Progressive District Attorney Charges Philly Police Officer with Murder in Shooting Death of Man Sitting in Car

PC: ALEJANDRO A. ALVAREZ / Staff Photographer at The Philadelphia Inquirer

By The Vanguard

PHILADELPHIA, PA – Philadelphia District Attorney Larry Krasner has charged a Philadelphia police officer with murder and assorted other crimes in the shooting death of a man—it’s the fourth officer the progressive district attorney has prosecuted since he took office in 2018.

Krasner, who the New York Times notes has “clashed with conservatives for years over his approach to crime,” charged the officer for fatally shooting at near point blank range a 27-year-old man, weeks after police officials admitted body camera footage of the killing showed a different account than what the officer initially described.

Mark Dial was charged with voluntary manslaughter, aggravated assault, simple assault, possession of an instrument of crime, reckless endangerment of another person and official oppression in the shooting death of Eddie Irizarry, prosecutors said at a news conference Friday, reported the NY Times.

Dial fatally shot Irizarry around noon Aug. 14 after what the police initially said was a car chase, initially claiming Irizarry lunged at them with a knife. But police officials said two days later that body camera footage showed the man was still in his car when the officer shot him.  

Judge Christian DiCicco of the Philadelphia Municipal Court set bail for Dial at $500,000. 

The NY Times said, “Family members have described Mr. Irizarry as a quiet man who liked to work on motorcycles and was being treated for serious mental illness, including schizophrenia. He had moved to Philadelphia about seven years ago from Puerto Rico and had difficulty understanding English, his family said.”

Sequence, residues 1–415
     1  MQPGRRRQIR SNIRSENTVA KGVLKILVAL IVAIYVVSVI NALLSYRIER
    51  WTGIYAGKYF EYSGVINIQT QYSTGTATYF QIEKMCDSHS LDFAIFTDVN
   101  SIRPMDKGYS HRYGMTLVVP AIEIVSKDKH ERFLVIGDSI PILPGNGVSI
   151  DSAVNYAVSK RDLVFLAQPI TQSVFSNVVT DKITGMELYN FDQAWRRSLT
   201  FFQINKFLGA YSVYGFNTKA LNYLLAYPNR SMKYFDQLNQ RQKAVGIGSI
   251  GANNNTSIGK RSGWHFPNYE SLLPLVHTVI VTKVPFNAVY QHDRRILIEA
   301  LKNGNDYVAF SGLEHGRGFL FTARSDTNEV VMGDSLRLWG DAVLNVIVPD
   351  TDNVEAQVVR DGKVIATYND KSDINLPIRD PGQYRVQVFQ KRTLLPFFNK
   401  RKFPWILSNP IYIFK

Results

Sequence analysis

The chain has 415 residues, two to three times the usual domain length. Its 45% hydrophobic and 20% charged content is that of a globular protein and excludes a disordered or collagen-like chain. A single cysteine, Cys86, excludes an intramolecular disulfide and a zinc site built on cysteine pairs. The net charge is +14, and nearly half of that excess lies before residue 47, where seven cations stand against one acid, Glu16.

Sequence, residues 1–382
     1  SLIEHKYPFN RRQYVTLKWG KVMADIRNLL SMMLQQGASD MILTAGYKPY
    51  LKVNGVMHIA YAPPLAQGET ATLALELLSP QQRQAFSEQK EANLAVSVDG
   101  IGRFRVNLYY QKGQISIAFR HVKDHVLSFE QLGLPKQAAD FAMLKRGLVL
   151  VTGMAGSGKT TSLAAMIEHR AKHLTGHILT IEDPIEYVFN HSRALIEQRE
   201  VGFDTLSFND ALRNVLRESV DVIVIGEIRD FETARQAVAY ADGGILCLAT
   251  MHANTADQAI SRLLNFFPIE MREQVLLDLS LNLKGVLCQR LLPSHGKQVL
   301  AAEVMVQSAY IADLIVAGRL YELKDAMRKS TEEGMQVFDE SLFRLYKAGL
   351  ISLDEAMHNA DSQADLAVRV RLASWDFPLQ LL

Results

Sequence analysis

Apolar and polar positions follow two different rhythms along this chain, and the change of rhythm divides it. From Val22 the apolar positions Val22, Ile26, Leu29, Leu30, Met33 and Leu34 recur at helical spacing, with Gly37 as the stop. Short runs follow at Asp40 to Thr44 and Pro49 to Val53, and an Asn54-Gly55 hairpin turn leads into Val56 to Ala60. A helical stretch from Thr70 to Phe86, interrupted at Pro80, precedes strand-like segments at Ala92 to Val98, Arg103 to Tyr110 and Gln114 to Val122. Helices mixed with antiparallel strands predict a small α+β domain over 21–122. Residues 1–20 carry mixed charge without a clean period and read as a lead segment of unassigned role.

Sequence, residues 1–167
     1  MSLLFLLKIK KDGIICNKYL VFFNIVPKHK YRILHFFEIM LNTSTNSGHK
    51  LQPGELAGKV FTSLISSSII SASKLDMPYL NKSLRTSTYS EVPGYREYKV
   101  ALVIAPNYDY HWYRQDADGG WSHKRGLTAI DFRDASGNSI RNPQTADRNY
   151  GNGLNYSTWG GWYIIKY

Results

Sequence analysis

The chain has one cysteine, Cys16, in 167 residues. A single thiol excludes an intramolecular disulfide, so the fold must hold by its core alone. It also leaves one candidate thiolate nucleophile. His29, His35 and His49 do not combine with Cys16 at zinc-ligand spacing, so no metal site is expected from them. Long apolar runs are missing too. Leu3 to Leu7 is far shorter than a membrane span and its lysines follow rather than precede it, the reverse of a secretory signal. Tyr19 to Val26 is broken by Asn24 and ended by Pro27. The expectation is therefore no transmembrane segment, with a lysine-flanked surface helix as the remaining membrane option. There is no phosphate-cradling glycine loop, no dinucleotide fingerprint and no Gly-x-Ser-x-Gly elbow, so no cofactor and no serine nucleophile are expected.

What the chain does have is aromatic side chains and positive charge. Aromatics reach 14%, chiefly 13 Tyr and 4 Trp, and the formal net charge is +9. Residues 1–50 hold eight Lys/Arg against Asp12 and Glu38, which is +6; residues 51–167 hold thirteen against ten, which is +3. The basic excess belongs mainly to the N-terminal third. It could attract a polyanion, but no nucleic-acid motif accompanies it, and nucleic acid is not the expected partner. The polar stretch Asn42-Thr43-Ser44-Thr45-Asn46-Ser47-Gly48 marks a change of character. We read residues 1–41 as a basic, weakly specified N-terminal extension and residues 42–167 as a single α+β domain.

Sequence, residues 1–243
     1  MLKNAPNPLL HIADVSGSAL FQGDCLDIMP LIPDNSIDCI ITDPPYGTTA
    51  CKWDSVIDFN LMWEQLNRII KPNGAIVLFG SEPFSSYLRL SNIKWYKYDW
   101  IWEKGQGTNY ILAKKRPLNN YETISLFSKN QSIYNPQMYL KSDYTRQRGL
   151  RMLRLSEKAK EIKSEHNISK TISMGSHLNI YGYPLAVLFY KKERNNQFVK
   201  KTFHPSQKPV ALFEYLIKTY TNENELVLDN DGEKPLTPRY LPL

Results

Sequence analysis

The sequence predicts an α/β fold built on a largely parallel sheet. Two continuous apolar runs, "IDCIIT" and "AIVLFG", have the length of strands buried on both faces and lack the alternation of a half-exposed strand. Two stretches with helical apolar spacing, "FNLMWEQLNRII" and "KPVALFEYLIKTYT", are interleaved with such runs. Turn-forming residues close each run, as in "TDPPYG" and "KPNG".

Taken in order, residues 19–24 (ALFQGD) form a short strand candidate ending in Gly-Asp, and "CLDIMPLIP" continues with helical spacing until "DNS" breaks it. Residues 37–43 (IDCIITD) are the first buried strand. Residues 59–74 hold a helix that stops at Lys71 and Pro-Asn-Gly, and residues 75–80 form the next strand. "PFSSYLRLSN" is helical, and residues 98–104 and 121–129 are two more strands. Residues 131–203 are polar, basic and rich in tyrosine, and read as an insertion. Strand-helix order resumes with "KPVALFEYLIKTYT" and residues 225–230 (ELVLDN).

Krasner said at a news conference Friday “the videos speak for themselves,” describing the body camera footage, which was released to the public on Friday.

“Firing six consecutive shots at close range at a vital part of the body of a person, under the law, is strongly supportive, together with other evidence, of all of these charges,” he said.

Dial, 27, a five-year veteran of the department who was suspended from the police department in August with intent to dismiss, turned himself in to the police Friday morning.  

The Times recounted Dial and his partner, whose name was not released, were “sitting in a marked police car when they saw a Toyota Corolla they said was driving erratically in the Kensington neighborhood in northern Philadelphia. The officers then followed the car as it turned the wrong way down a one-way street and watched it pull into a parking spot midway down the block.”

Dial’s body camera footage, the Times wrote, “shows him racing out of the passenger seat and within seconds telling Mr. Irizarry, with an expletive, that he ‘will shoot’ him and quickly firing his gun multiple times through the driver’s seat window. Mr. Dial calls in ‘shots fired, shots fired’ to his radio, and Mr. Irizarry can be seen covered in blood, his head bobbing.”

The video shows Dial telling Irizarry to “keep those hands up right where I can see them” as Irizarry starts to slump over in his seat. Dial’s partner tells him to get the victim out of the car, who’s then taken to the hospital.

“When Mr. Dial arrives at a hospital, he appears to take Mr. Irizarry by the belt and pulls him out of the car,” said the Times, noting “Hospital personnel can be heard saying on the video, ‘Whoa, whoa, whoa,’ in what appeared to be in response to the way he pulled Mr. Irizarry, as the personnel load him onto a gurney and one member of the attending staff begins CPR.”

Irizarry was pronounced dead at the hospital hours later.

The NY Times said, “Investigators found two knives in Mr. Irizarry’s car, a kitchen knife and a serrated folding knife, the police have said. Mr. Irizarry’s sister told The New York Times in an interview that her brother carried a pocketknife everywhere he went but ‘always as a tool, not as a weapon.’”

Brian McMonagle, a lawyer for Dial, told reporters outside a precinct building in Philadelphia on Friday that the decision to charge his client with murder was “appalling…this decision today puts police officers in peril at a time when they’re dealing with perhaps the most violent time in our city’s history,” according to the NY Times.

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